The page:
Whether it does or it doesn’t, the homeless guy must’ve been so worn-out from expressing $30 gratitude that to almost double his gratitude expression for me was just too much to ask. He thanked us (emphasis on the ‘us’ – there was no direct ‘thank you’ to me, not even a ‘thanks’ with some eye contact. I don’t think he even looked at me for longer than a solid three seconds) and continued on his grand quest for more change.

I felt robbed.

Jane smiled and probably never gave that moment a single thought. And yeah, I smiled back – but here I am, almost four years later, all because a poor homeless guy didn’t give me as much recognition for my super, Richard Branson-esque altruism as I had hoped for. Surely I’m not that petty. Jane and I aren’t even friends anymore – guess she thought I should’ve given him a kidney.

Less than a week after that exchange I was out with some friends in the city, and guess who we run into! Yup, it’s the same homeless guy from a few days ago. Except now he’s wearing a pair of low-top sneakers, tight beige pants and a faded t-shirt along with a wristwatch. This guy’s pants looked cleaner than my jeans did and I’m pretty sure his shoes had fewer holes in them, too. He looked like one of those homeless people from Fitzroy, where you can’t tell if they’re homeless or just hipster. How did he rake in that much cash for such a fashionable ensemble? Didn’t he say he needed money for food? Is style really that much of a concern when you’re freezing your balls off?

Anyway, he walks up to us and lo and behold, asks us for some change.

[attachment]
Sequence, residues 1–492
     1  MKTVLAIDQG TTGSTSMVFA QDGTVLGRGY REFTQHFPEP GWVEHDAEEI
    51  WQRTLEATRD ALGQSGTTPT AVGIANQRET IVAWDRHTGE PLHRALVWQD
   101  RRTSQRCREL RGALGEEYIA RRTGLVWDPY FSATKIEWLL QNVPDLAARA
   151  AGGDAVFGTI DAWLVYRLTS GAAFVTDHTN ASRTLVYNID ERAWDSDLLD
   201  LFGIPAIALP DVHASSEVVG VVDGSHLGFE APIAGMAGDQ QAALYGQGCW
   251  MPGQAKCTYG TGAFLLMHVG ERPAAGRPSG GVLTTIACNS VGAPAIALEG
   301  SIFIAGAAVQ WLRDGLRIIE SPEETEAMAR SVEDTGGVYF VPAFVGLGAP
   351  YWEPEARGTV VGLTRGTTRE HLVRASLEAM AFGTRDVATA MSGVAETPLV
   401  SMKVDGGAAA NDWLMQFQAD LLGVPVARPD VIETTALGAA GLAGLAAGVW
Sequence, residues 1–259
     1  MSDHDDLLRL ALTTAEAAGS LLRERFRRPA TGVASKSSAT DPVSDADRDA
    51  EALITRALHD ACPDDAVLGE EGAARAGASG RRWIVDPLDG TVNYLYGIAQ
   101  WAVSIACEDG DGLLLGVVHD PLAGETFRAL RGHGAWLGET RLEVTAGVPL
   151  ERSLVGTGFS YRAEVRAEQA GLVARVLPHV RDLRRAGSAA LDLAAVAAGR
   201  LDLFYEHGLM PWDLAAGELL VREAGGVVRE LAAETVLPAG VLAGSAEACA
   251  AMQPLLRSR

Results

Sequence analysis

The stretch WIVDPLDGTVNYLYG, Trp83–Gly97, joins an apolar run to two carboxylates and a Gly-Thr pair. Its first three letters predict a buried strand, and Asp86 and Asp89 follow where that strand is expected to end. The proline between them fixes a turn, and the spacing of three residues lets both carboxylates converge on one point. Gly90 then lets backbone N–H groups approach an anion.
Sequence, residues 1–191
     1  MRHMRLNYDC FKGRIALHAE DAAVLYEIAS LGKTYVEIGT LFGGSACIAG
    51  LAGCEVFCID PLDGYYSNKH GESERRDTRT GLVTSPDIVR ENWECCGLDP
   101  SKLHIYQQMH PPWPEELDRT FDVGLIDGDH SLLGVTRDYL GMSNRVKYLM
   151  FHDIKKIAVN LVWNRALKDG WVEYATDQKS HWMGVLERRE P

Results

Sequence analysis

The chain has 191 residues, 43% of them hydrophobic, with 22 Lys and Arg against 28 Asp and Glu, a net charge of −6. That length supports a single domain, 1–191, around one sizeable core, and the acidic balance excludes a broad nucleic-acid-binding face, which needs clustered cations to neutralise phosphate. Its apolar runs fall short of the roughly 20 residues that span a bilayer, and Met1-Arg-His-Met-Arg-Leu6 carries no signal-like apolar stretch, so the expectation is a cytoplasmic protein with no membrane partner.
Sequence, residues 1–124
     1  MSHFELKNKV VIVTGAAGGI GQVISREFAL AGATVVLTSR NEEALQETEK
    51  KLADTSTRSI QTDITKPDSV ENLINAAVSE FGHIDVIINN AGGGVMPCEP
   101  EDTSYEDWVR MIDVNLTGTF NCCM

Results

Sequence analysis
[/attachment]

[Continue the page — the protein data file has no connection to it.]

This time, it’s not ‘spare change’ but simply ‘change’ – he’s definitely in the big leagues now. My friends give him a few bucks each and then he turns to me, with seemingly no recognition of the sizeable donation I had made recently to the Help-A-Homeless-Dude-Get-Hipster Foundation. I mean, sure, a giant statue of me made out of empty cans would’ve been cool, but I’m not picky. I also would’ve accepted an aluminium foil hat or crown. I could’ve been their King. But it didn’t look like I’d be having loyal subjects to rule over anytime soon. Still, I had to know for sure.

“Hey man, d’you remember me?”

“Nope, sorry.”

Wow. How dare this man, who has to find a safe place to sleep every night not remember me, a guy with a bed from IKEA (that Swedish LEGO store for grown-ups)?

“Really? Cos I helped you out a few days ago. Y’know, with a BIG favour”.

I even alluded to how large that particular favour was, utilising my unrivalled miming skills where you place both hands fairly far apart from each other horizontally to physically signify just how big ‘big’ actually is.

But of course this guy would remember my face, especially since I did the hand thing… It’s not like he operates as a lonely sailor amid a vast sea of nameless faces, day in, day out.

“I see a lotta people every day.”

And that was it.

Oh, I bet you do, Mr. Homeless man.

I bet. You do.

You win this round.

I didn’t end up giving him any change. BUT I did get long incredulous looks from both my friends.

At the end of the day, the guy was homeless and I wasn’t. It might not have mattered to him if he got money outta the kindness of my heart or my, ahem, ‘soul’. But if you want to look like a nice guy just to obscure your major prickishness and total indifference towards all human life (apart from your own), then by all means go for it, you Patrick-Bateman-worshipping-psychotic.

But to this genuine jerk-off, playing the nice guy just isn’t worth it (I’m much too lazy) – wouldn’t it be a more productive use of my time to just complain on the internet?

Tim is 23, an Honours graduate/writer/musician/other adjectives for unemployed, and a real nice guy from Melbourne.

You can follow Tim on Facebook or on his fortnightly route to collect your hard-earned tax dollars from Centrelink.

In your twenties and have a story to share? Email the20sdiary@gmail.com to get your words published.